Since hitting all-time highs more than five years ago, it’s been death by a thousand cuts for shares of Walgreens Boots Alliance (NASDAQ: WBA)
, the $30 billion pharmaceutical manufacturer and wholesaler. Shares have trickled lower by 65% since then with little resistance and are trading at similar prices to where they were at the turn of the millennium.
However, over the past three sessions shares have jumped more than 10% and are back above their 50 day moving average for the first time in months. While they still have a long way to go before being able to convince Wall Street that they’re as good as they used to be, the time could be right for them to start getting there. And for the investor who can handle a bit of risk, that means there’s potential to get in on the ground floor of a major recovery play.
The company’s fiscal Q4 earnings last month gave us a look at the internal numbers and they were good. EPS and revenue both came in ahead of analyst expectations as did their operating and gross margins. Operating income was down 26% year on year but the company estimated that COVID was responsible for holding that back by 34%. But while the coronavirus pandemic certainly did them no favors, Walgreens’ e-commerce performance were particularly promising and highlighted the lengths that management has gone to turn the ship around.
Management still struck a cautious tone in terms of outlook through the next 6 months as COVID remains a headwind, but after that they’re expecting to see strong EPS growth and this is what should get the bulls excited. To that end, they announced plans to invest heavily in their omnichannel potential as well as their offerings across retail and healthcare. They’ll also be expanding their COVID testing capabilities while at the same time preparing to be a go-to location for COVID vaccinations, whenever they become available. In further good news, investors were also told that the company’s cost management program is still on track to deliver more than $2 billion in annual cost savings by 2022.
CEO Stefano Pessina said with the release; "we are seeing gradual improvement in key U.S. and UK markets and continued strong performance in our wholesale business. I'm also encouraged by the accelerating growth in our e-commerce platforms. Now, more than ever, our pharmacy-centered business is at the heart of community healthcare and we are expanding on that role for the future."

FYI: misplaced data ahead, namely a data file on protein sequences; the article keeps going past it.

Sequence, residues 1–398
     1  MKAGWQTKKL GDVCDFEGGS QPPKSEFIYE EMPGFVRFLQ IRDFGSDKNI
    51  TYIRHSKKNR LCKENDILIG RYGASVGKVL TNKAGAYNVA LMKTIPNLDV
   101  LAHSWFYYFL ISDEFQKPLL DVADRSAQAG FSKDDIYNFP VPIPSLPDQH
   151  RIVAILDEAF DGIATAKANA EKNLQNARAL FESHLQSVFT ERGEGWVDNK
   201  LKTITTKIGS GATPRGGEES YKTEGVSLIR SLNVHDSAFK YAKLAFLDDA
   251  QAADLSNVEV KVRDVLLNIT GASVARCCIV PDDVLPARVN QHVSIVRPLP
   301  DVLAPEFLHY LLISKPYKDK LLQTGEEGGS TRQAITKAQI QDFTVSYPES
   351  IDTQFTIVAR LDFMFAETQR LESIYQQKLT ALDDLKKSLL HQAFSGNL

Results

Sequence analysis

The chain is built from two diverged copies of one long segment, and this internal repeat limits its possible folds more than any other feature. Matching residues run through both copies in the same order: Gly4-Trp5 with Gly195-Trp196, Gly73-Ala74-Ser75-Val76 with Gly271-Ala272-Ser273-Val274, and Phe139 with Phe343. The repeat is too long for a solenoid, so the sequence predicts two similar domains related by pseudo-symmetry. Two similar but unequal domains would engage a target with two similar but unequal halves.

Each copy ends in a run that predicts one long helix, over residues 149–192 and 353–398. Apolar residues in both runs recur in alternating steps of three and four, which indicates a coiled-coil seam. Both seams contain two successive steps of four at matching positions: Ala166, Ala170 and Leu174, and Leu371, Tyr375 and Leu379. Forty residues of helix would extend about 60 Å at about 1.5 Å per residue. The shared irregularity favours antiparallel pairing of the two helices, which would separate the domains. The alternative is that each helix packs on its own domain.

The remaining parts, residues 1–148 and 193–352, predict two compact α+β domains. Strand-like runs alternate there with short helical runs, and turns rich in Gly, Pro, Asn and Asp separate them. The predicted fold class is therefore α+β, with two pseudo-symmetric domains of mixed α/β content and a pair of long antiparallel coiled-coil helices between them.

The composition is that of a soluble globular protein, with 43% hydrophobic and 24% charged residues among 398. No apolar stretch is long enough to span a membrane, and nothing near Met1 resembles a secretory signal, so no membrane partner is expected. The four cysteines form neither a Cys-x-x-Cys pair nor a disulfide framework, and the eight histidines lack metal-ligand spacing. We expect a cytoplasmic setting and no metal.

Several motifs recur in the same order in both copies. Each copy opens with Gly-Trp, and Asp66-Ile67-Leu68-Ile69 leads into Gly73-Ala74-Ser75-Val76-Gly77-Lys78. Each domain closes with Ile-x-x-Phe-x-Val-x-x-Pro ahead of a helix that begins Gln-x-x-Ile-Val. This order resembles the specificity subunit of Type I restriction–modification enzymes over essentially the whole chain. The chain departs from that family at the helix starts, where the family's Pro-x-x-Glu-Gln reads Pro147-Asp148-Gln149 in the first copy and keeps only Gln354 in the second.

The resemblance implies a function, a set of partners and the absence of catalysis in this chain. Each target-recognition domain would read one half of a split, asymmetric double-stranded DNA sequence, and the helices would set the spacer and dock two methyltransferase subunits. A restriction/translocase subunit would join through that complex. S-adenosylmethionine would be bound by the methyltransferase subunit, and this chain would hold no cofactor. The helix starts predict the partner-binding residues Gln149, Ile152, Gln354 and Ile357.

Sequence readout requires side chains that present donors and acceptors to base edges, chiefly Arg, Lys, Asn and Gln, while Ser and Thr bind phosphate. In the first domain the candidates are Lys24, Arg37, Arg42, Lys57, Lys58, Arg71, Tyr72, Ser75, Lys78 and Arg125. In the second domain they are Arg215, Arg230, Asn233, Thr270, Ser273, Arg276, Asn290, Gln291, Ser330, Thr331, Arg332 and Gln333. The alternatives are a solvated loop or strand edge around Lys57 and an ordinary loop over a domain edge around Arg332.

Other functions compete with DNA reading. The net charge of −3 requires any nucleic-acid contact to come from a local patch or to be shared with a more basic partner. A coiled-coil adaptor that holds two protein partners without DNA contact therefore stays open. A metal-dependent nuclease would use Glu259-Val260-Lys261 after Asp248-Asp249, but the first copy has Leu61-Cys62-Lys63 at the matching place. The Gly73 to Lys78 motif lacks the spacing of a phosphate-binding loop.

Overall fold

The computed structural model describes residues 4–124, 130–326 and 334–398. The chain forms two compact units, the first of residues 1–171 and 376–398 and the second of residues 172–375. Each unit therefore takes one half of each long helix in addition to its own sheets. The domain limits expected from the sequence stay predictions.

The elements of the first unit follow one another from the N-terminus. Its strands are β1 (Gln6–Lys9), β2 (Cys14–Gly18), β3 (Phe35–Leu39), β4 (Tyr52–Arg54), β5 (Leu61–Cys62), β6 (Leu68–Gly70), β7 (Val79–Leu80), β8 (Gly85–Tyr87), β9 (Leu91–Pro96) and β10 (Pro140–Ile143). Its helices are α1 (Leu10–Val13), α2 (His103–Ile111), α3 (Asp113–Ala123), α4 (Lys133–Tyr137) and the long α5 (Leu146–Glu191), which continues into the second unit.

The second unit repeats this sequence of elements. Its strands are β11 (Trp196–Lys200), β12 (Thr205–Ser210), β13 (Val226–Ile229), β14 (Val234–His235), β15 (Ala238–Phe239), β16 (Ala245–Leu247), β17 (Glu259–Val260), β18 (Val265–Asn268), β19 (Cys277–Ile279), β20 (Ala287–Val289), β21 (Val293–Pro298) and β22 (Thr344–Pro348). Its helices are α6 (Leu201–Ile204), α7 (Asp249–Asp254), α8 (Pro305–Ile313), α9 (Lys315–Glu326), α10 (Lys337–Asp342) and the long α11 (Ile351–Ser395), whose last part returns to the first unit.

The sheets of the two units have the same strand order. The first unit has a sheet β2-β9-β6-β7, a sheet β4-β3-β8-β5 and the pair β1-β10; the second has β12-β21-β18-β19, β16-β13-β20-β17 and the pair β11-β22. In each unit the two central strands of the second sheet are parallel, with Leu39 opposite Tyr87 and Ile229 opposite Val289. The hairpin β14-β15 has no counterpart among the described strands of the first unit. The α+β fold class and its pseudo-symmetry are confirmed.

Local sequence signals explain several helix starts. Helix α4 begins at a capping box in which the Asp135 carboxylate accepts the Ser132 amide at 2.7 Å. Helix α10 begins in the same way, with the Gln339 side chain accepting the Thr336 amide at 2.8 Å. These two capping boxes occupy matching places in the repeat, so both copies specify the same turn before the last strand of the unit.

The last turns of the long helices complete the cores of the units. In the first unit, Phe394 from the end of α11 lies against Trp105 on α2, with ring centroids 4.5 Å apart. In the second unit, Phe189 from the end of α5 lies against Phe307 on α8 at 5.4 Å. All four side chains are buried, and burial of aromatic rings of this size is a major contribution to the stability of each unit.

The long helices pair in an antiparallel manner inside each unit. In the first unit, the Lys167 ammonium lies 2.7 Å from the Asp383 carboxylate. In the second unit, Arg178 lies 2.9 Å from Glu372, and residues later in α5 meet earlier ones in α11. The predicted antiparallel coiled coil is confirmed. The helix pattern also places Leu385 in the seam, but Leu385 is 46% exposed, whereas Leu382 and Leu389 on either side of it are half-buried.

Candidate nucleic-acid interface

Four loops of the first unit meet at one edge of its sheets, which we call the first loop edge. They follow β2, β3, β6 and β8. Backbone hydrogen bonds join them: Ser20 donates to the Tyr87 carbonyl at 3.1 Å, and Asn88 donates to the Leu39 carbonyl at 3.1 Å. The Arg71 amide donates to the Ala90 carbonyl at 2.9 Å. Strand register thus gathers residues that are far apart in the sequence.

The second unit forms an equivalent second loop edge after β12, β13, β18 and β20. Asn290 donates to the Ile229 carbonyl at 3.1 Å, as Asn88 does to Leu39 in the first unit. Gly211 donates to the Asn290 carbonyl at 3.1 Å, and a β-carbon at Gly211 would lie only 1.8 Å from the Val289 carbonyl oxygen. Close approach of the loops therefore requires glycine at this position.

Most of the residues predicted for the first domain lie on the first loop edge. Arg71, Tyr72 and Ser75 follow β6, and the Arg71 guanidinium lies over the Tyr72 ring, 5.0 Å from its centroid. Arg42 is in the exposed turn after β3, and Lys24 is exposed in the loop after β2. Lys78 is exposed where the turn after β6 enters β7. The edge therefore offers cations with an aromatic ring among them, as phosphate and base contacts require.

Bright Days Ahead
These are all good, fundamental boxes for potential investors to be checking and suggest that if management can keep doing the right things, then the share price will start to reflect that very soon. For investors willing to get involved, there’s a juicy 5% dividend yield to reward them for their patience.
To be sure, this is still a recovery story that hasn’t even started yet and there are plenty of challenges ahead. For example, Walgreens must continue developing its e-commerce channels to compete with newer and fresher online services. Failing to do so here could confine them to the dust heap as another dinosaur that couldn’t modernize fast enough.
But having said that, expectations are about as low as they could be and, as mentioned above, shares are trading at prices from 2000. That allows for significant upside if the company can continue to do the simple things right. It’s not so long ago that the stock was trading for close to $100 a share so investors know what it’s capable of. If the next couple of earnings come in ahead of expectations, the recovery could well and truly be on.
Featured Article: What is FinTech?7 Healthcare Stocks Delivering Innovation in 2021
We all knew that traditional healthcare services were disrupted in 2020. The patient-doctor relationship went virtual. In the early months of the pandemic, many people in need of elective surgeries simply did not have that option available to them. And even local pharmacies took on a new e-commerce role as curbside pickup or home delivery of prescription medication became the norm.
Not surprisingly healthcare stocks were battered last year. Overall, the sector was down 11%, far below the S&P 500 Index that climbed over 15%.
However, the market is always forward-looking with a particular eye towards innovation. The healthcare sector has many companies that are developing innovative approaches in areas such as gene editing. And other companies are in late-stage trials for drugs that can deliver breakthrough results for conditions that continue to plague our world.
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